Guitar tuning

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Summary

Get a tuning app for your mobile phone, and tune the strings as follow, with the string with the lowest sound, the highest from the ground, when you hold the guitar the normal way (and you're playing right-handed on a right-handed stringed guitar):

  • E2: 82,41 Hz
  • A2: 110 Hz
  • D3: 146,83 Hz
  • G3: 196,00 Hz
  • B3: 246,94 Hz
  • E4: 329,63 Hz

Background

Just some background, in case you feel like complicating the heck out of something that could be simple. You're welcome :)

Tuning systems

Ever since the days of Pythagoras (the triangle guy), musicians has been struggling with the question of how to tune musical instruments. As long as you're playing alone, and on an instrument that produces only one tone at a time (e.g., a flute), things are easy. But as as soon as you play together with other people, especially on instruments that can produce multiple tones at the same time (e.g., guitar, piano), stuff becomes suprisingly difficult.

Over the centuries, various tunings systems or musical temperament have been developed, all with their own advantages and disadvantages. Halfway the 19th century, the then-current meantone temperament has been mostly replaced by the equal temperament tuning system. This is the usual tuning system for guitars and piano's, and probably most instrument. But there are exceptions: Violins seem to be usually meantone temperament-tuned.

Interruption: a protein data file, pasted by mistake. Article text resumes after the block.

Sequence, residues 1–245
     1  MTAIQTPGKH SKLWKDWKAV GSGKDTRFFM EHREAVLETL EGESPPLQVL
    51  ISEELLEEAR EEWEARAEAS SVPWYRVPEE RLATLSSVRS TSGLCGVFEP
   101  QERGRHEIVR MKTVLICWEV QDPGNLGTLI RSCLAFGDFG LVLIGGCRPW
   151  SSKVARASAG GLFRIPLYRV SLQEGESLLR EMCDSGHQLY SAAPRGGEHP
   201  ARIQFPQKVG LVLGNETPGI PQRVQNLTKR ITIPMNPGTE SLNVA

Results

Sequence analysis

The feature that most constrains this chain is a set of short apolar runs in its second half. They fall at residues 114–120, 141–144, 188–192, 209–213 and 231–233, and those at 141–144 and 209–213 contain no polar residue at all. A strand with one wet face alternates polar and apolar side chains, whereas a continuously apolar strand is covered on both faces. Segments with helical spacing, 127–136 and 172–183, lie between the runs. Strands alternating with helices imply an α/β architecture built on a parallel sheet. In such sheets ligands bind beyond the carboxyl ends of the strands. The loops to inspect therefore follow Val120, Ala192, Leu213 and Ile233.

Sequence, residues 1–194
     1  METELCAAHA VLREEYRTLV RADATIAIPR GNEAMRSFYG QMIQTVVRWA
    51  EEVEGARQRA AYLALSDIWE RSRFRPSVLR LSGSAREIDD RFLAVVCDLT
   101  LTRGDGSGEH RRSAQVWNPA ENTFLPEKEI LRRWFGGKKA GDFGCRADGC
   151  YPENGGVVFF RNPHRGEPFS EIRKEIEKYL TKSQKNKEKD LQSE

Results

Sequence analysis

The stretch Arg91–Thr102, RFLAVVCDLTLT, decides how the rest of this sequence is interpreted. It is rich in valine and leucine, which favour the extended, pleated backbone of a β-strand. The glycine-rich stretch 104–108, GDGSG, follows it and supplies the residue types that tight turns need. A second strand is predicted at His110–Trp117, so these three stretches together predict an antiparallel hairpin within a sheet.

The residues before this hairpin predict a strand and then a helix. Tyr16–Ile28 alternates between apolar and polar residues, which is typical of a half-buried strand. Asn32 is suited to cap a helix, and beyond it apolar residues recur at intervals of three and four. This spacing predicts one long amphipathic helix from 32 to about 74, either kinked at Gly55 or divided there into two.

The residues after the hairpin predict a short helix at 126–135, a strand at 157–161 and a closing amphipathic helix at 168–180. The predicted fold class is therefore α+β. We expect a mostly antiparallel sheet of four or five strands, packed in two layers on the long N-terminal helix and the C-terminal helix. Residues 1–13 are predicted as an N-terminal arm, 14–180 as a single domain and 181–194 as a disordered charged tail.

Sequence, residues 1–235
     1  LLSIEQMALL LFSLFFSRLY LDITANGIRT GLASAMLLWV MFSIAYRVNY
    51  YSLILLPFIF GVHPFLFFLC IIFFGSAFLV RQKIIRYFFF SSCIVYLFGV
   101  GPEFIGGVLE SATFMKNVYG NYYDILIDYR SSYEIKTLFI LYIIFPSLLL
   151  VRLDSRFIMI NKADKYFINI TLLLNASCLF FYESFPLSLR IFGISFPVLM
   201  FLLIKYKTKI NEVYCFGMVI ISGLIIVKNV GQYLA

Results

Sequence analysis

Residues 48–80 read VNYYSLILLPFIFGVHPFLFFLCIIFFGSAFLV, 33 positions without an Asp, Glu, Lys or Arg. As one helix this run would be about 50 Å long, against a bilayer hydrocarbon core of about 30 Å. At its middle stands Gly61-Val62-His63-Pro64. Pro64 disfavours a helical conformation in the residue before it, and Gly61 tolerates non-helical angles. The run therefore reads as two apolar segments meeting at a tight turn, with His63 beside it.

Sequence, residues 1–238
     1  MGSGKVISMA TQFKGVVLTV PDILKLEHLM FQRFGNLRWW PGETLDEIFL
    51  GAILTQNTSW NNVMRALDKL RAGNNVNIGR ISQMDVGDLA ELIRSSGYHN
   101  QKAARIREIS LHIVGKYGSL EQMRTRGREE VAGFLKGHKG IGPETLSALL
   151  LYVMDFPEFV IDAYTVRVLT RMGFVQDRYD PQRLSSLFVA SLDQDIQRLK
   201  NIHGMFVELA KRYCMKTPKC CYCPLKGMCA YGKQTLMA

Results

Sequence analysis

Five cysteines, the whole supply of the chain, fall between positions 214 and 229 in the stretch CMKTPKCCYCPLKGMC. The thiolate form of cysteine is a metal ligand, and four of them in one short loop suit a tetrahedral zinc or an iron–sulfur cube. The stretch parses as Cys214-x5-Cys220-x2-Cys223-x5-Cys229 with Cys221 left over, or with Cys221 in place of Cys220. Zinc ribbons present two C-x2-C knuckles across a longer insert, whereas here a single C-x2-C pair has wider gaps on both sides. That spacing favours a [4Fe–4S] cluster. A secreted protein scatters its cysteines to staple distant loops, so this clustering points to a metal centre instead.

This article is limited to equal temperament.

Guitar tunings

Now that we figured out our tuning system, the next question is: What notes to choose?

Reassuringly, there is a guitar tuning called standard, and it is what pretty much everybody uses:

  1. E4: 329,63 Hz
  2. B3: 246,94 Hz
  3. G3: 196,00 Hz
  4. D3: 146,83 Hz
  5. A2: 110,00 Hz
  6. E2: 82,41 Hz

It's often abbreviated as EADGBe. Several mnemonics to remember the pitches:

  • Een Aap Die Graag Bananen Eet
  • Every Amateur Does Get Better, Eventually
  • Eddy Ate Dynamite - Good Bye Eddy.

Different ways to tune

Some ways to tune the guitar:

  1. With an app or tuning device: This is the recommended approach
  2. Through the fifth frets: The fifth (and once fourth) fret of a string should have the same frequency as the next string. This is how folks usually tuned their guitar, before the advent of tuning devices. It's still worthwhile to know how to do this (not discussed here)
  3. Harmonic tuning (flageolet): This way of tuning looks fancy, but it is simply wrong: It actually results in mean temperament tuning and not in equal temperament tuning. Your guitar will be slightly out of tune.

When tuning, start with the lowest string. As it has the thickest string,

  • The thicker the string, the less it gets out of tune. That's why it can be handy to start tuning with the low E string first, for changes are that it isn't much out of tune anyway
  • The basic goal with tuning the guitar, is that the strings are in tune with one another. However, with the advent of tunings apps for mobile phones, and cheap tuning devices, it's very easy to tune a guitar absolutely, meaning that the tones of the strings correspond with the exact tone of that note. That comes handy when playing together with other people.

B-gap

Finally! I figured out why the B-string is tuned relatively lower, compaired to the other strings: [1]

This gap is carried through on the last string. E.g.:

  • The D-string is 10 semitones higher than the high E-string
  • The highe E-string is 9 semitiones higher than the G-string.

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